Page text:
The most common type of surgery, both in the neck and the low back, is a discectomy. What is a discectomy and what can you expect after having one? This article has the answers to those questions and more.
What is a discectomy?
The suffix “ectomy” means the surgical removal of something—in this case, a spinal disc. There are partial discectomies, where part of a disc is removed; sometimes a complete discectomy is needed, and the full disc is removed.
What conditions require a discectomy?
There are multiple reasons a disc, or part of a disc, may need to be removed, including spinal tumors, traumas, and deformities. Spinal infections may also lead to a discectomy. Discs themselves have very poor blood flow (they depend on the blood supply at the edges of the discs for nutrients), so an infection will typically find its way to the edge of the bone and make its way across a disc. As a result, most infections requiring discectomies are complete discectomies rather than partial.
A complete discectomy would have required a fusion—until now. Read about a better option that promotes spinal health.
But by far the most common reason for a discectomy is a herniated disc. (A herniated disc is when the outer layer of a disc breaks and the inner part of the disc, the nucleus, pushes through. The displaced disc often compresses nearby nerves or neural elements and causes pain.)
What can I expect during and after a discectomy?
A discectomy is a very safe procedure with a high success rate; more than 90 percent of patients are satisfied with the results.
It’s a short surgery of about 45 minutes and requires no hospital stay. It does require a small, one-inch incision. Most patients are up and walking the same day of surgery, and driving comfortably two to three days later. It may be necessary to take a pain reliever (like Tylenol or Advil) for mild back pain for a period of days to a couple of weeks after surgery.
What You Should Know About Disc Removal
The typical discectomy for a herniated disc removes approximately 10 percent of the disc. If it’s your first discectomy (your first herniated disc), there will likely be enough healthy disc remaining to keep your spine stable.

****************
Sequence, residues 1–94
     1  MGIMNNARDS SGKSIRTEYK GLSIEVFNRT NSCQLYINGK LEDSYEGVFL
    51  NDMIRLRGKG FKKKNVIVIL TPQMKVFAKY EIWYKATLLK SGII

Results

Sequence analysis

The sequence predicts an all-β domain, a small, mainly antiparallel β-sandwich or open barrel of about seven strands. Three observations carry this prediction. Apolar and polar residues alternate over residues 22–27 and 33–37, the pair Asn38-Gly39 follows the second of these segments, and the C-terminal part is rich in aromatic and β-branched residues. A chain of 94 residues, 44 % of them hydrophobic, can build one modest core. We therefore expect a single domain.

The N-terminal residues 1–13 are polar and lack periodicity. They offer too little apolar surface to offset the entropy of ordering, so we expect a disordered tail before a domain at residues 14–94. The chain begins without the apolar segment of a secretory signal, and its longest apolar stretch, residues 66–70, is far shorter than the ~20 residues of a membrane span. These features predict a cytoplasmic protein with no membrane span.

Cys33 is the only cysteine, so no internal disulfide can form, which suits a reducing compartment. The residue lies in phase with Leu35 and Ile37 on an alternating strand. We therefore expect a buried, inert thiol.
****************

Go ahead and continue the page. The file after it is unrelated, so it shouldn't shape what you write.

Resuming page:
However, the chances of a recurrent disc herniation are 10 to 15 percent. In most cases, a second discectomy can be done without causing instability. But the risk of recurrence goes up after a second herniation—somewhere in the neighborhood of 15 to 20 percent. A third disc herniation at the same level will cause spinal instability. Once a level of your spine loses more than ⅓ of your disc it begins to have difficulty carrying your body’s mechanical load; your bones may also start slipping apart, a condition called spondylolisthesis. (Note that, for some patients, instability happens during their first discectomy, if a good portion of the disc needs to be removed.)
BalancedBack Total Joint Replacement is another option for patients suffering from recurrent disc herniations who hope to avoid fusion. BalancedBack surgeons remove your disc and the facet joints completely, and replace them with an implant that performs the same functions. So rather than removing a joint (like fusion), it replaces your joint, allowing you to keep moving naturally after surgery. That means you have a better chance of being comfortable and pain-free in any position and doing almost any activity, even after a complete discectomy.